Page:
The top climate stories 2021 ranged from withdrawal from EV range anxiety to failures by world leaders to secure pathways to a slower warming world. Throughout the year, it was evident that the climate crisis was prominent in many people’s minds. Progress was too slow for lots of us, but there were cleantech innovations, increased conservation efforts, calls to limit deforestation, species protection, and a strong climate activist voice — all of which pressed power brokers to transcend politics and big business.
Has the momentum shifted? Maybe…
Here are the Top Climate Stories 2021, Part 1.
COP26 Failed to Align Climate Goals & Big Business
The goal of 1.5 degrees maximum global warming temperature rise was barely alive after October’s COP26 — the biggest UN climate summit since the 2015 Paris agreement. The Glasgow, Scotland assembly of world leaders, delegates, activists, and celebrities from nearly 200 nations saw fierce negotiations over emissions commitments, carbon trading, and reparations for climate damage.
But the end result was disappointing at best. On the final day of the summit, China and India mounted a successful last-minute change to the agreements, weakening the language around coal. As they ran for the airport, delegates pledged to revisit and strengthen their climate targets by the end of 2022.
Research afterward from the UN estimated that countries’ short term climate commitments put the world on a path to warm 2.5 degrees Celsius, or 4.5 degrees Fahrenheit. That is a full degree above the 1.5-degree target that scientists say is the upper limit of warming to avoid the worst effects of the climate crisis.
Activists spoke up to protest feeble climate actions at COP26. Most famously, 18-year-old Swede Greta Thunberg, one of the world’s best known climate campaigners, called out world leaders for failing to meet their goals to address global warming. “No more blah, blah, blah,” said Thunberg, imploring people in power across the world to act with more urgency in tackling harmful emissions.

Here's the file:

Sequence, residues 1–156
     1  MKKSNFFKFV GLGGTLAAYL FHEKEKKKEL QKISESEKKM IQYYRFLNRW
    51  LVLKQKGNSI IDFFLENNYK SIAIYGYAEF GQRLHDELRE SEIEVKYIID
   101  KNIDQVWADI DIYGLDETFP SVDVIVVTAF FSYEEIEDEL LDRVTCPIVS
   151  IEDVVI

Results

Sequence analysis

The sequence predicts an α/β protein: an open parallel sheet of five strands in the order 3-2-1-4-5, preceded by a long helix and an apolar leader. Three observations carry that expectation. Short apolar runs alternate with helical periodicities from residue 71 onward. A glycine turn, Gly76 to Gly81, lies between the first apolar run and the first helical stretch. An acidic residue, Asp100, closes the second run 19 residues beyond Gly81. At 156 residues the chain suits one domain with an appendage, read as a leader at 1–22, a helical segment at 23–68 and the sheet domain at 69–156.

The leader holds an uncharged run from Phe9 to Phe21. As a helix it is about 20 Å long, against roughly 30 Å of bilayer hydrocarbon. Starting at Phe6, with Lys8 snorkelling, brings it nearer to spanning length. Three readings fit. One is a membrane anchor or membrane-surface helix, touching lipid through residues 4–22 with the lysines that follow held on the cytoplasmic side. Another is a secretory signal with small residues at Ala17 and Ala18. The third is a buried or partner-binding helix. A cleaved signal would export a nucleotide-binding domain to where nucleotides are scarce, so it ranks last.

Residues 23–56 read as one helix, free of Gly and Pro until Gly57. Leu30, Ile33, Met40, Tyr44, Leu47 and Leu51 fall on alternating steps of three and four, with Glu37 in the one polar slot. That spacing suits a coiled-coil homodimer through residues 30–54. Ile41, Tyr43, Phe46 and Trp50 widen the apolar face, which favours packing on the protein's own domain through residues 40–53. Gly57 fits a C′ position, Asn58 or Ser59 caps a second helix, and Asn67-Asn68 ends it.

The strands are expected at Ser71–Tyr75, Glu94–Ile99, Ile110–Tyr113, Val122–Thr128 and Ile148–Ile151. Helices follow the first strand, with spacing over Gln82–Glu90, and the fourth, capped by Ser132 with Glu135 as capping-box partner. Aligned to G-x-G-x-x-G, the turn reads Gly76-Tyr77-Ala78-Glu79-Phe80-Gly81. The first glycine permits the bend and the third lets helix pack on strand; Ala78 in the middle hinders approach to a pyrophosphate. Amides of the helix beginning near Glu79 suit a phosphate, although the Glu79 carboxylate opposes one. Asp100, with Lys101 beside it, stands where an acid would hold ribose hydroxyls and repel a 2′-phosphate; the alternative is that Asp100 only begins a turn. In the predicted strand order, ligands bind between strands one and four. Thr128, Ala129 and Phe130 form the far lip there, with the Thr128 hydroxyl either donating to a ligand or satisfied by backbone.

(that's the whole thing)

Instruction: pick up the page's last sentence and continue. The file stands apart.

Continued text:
We Now Know Biodiversity Loss is Connected to the Climate Crisis
Diversity of plants and animals creates a gestalt that makes the planet function, ensuring that there is oxygen in the air and fertile soils to propagate crops. In March, the Dasgupta Review put biodiversity at its core and demonstrated how, by bringing economics and ecology together, the natural world may be saved — but we’re at the outer edge of timing to do so. Biodiversity loss is one of 3 planetary crises — the others are climate change and a human health crisis. Together, they point us to ecological disaster. All are driven by economic activities and reinforce each other.
Why is so much biodiversity loss occurring?
- Humans are destroying habitat through activities like farming, mining, and logging.
- Overfishing breaks apart interrelated ocean systems.
- Pollution and introduced species drive out native ones.
We must work toward separate but interconnected solutions. Unprecedented changes in climate and biodiversity, driven by human activities, have combined and increasingly threaten nature, human lives, livelihoods, and well-being around the world. That was the theme of the Intergovernmental Science-Policy Platform on Biodiversity and Ecosystem Services report that was issued in June.
The average abundance of native species in most major terrestrial biomes has fallen by at least 20%, mostly since 1900. The rapid vanishing of carbon-trapping mangroves and seagrasses prevents carbon storage and exposes coastlines to storm surges and erosion. Had you heard of the turgid-blossom pearly mussel, the flat pigtoe mussel, or the stirrupshell mussel? What about the Scioto madtom or the San Marcos gambusia, two freshwater fish? These species, like so many others, went extinct before most of us even knew their names.
Research out of the EU outlined how climate change is one of the main drivers of biodiversity loss, but destruction of ecosystems also undermines nature’s ability to regulate greenhouse gas (GHG) emissions and to protect against extreme weather, thus accelerating climate change and increasing vulnerability to it. This explains why the crises must be tackled together with holistic policies that address issues simultaneously, not in silos.